July 03, 2016

Program joins Filipino vets with kin

Ninety-year-old Waipahu resident Narzal Concepcion was hopeful Saturday about a federal program allowing Filipino World War II veterans or their surviving spouses to bring family to the United States and bypass a backlogged immigration system that has left some waiting outside the country for more than 20 years.

“This program is very nice and it is very important to veterans,” said Concepcion, who served in the guerrilla forces during World War II and left the Army as a second lieutenant.

Concepcion, who used a walker to amble into a presentation about the program at the state Capitol on Saturday, said it would allow him to bring his son and daughter to Hawaii from the Philippines.

“They want to unite with me,” he said. “I’m already old. I’m 90 years old and they want to take care of me. I cannot walk well, and they want to assist me.”

U.S. Sen. Mazie Hirono, who led Saturday’s presentation, worked with the Obama administration to establish the program, called the Filipino World War II Veterans Parole program.

She said after being elected to the House in 2006, the first bill she introduced was one that would grant visas to family members of Filipino WWII veterans. Her bill was included in an immigration bill, but the House declined to hear it.

Undeterred, Hirono worked on an alternative — the parole program, which allows relatives to live in the U.S. while waiting for a visa.

“This is an important first step in allowing Filipino WWII veterans to be reunited with their children,” she told the group. “Many of you have been waiting decades. … Time is precious.”

The federal government began accepting applications under the Filipino World War II Veterans Parole Program on June 8 and will continue to accept applications for five years. Those who enter the U.S. through the parole program can stay for three years and may apply for an extension if they haven’t obtained a visa at the end of that period.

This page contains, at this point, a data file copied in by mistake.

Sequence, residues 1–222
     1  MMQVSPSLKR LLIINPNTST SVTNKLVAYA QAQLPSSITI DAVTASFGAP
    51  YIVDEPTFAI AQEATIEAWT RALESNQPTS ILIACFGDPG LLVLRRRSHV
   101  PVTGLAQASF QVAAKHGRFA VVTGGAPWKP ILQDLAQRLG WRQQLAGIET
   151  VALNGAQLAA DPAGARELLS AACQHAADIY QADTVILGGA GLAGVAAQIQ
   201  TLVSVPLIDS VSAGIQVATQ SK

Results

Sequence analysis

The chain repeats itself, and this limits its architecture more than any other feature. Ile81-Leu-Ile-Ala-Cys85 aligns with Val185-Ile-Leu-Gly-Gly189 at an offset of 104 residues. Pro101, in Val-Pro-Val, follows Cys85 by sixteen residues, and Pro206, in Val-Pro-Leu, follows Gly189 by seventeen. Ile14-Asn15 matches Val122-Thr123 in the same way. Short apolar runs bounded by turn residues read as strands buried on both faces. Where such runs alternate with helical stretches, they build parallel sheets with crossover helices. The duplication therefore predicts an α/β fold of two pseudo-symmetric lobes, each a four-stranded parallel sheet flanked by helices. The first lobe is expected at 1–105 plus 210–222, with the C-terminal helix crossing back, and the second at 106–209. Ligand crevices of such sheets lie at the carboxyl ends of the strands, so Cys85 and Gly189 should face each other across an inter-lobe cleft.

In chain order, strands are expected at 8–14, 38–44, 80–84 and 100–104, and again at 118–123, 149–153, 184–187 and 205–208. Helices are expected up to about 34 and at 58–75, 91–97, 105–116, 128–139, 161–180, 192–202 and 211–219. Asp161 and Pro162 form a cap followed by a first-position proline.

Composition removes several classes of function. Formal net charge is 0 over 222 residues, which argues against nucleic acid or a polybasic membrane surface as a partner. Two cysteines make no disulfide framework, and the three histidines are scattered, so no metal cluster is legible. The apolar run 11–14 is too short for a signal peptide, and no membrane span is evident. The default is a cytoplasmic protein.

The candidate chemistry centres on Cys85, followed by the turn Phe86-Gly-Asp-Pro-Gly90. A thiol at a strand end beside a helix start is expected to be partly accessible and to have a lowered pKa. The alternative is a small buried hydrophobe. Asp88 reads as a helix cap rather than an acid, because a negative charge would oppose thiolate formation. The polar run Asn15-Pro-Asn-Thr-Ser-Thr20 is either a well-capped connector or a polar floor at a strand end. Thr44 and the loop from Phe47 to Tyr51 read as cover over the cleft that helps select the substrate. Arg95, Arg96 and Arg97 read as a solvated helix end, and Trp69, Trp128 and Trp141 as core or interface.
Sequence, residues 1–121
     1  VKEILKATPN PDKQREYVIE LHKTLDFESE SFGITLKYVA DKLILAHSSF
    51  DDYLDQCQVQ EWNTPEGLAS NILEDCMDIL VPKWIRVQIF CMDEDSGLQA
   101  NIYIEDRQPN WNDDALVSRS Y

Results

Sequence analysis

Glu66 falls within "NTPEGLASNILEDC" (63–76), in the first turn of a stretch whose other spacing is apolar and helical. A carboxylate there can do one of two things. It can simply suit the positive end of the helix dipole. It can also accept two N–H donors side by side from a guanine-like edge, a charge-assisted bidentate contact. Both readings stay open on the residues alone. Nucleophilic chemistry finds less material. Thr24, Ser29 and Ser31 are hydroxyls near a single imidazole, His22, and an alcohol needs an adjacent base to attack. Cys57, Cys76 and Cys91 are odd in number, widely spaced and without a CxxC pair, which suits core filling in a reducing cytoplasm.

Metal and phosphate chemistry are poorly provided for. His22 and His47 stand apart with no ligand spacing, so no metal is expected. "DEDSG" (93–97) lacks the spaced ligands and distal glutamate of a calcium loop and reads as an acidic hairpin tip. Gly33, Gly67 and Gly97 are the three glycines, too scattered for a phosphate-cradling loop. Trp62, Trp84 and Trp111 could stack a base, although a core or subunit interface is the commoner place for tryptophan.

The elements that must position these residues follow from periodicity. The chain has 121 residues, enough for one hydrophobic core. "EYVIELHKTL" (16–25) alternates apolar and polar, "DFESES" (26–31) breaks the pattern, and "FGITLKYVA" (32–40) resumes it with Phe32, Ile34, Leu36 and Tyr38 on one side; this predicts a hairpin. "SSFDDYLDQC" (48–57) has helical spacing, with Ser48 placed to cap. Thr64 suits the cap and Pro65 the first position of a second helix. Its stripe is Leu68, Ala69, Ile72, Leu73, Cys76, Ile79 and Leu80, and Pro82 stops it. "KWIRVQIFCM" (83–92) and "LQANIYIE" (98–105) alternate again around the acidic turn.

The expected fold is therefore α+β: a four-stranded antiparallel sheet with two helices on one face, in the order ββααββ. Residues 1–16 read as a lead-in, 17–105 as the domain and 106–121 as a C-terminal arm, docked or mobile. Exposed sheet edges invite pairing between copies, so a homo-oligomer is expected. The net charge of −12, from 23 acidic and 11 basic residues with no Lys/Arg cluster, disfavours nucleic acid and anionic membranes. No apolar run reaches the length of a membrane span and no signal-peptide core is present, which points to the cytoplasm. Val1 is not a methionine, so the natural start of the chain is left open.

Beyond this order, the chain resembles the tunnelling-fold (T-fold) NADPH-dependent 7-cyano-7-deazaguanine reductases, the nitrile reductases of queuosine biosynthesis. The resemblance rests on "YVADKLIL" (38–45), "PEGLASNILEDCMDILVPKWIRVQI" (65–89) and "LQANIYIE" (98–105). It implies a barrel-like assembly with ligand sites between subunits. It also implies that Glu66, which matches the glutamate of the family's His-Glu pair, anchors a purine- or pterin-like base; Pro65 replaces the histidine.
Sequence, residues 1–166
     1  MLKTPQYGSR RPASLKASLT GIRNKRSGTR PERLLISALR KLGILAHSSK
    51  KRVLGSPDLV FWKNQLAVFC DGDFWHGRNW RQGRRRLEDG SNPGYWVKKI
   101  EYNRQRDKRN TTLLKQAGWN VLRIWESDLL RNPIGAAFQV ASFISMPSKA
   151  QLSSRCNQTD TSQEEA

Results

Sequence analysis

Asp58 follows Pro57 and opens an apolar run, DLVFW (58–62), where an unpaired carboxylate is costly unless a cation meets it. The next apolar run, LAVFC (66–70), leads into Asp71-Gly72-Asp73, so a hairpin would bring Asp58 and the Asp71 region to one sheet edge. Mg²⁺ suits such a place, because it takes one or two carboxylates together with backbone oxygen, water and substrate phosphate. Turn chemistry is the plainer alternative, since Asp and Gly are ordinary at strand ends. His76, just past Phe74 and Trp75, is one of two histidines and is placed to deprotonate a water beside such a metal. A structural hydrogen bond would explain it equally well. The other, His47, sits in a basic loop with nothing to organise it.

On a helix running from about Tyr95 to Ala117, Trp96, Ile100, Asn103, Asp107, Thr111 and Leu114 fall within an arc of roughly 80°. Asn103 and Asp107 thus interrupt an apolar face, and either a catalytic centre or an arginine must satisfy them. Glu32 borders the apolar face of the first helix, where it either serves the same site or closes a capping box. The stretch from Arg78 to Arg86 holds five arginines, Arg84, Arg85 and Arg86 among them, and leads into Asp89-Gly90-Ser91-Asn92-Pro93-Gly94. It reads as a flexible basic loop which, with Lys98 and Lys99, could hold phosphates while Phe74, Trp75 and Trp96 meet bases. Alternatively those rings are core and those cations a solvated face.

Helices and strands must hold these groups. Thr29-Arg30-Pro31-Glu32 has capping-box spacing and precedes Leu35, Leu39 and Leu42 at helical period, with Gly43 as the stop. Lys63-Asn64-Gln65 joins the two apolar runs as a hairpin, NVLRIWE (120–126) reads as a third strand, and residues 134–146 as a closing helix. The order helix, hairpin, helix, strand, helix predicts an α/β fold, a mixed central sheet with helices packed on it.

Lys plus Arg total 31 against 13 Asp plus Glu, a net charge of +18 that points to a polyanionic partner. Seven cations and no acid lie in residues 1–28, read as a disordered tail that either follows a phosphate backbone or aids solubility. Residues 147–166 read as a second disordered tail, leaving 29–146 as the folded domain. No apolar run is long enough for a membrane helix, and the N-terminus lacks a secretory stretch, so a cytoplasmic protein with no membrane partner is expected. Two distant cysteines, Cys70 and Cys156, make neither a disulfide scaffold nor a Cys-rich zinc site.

The application process takes about six months for the simplest cases, and Hirono urged veterans or their spouses to fill out an application as early as possible.

About 260,000 Filipino soldiers fought in World War II with the U.S. and were promised citizenship as veterans, which was not granted until 1990. Naturalized veterans could petition for visas for family members, but the visa process has been prolonged by backlogs, such as an annual cap on the number of people allowed from each country.

About 6,000 Filipino veterans of the war are still living in the country, and the parole program gives them the chance to be cared for by their families, Nevada U.S. Sen. Harry Reid said in an editorial about the program.

Ermalinda Gaudencio, 95, of Kalihi, who was an Army private in the Philippines during World War II, filed a petition for his only surviving child, Elena, to receive a U.S. visa more than 20 years ago, in 1994. Asked about having his daughter come to Hawaii from the Philippines, he gave a wide smile and said, “happy.”

His wife, Dawa Gaudencio, said she was grateful for the program because they have no other relatives in Hawaii to help her care for her aging husband.

“We need help,” she said. “I’m so scared because it’s only two of us … It helps so she can come right away.”

Visit uscis.gov/fwvp for more information about the application process.

By:  Rob Shikina
Source: Honolulu Star-Advertiser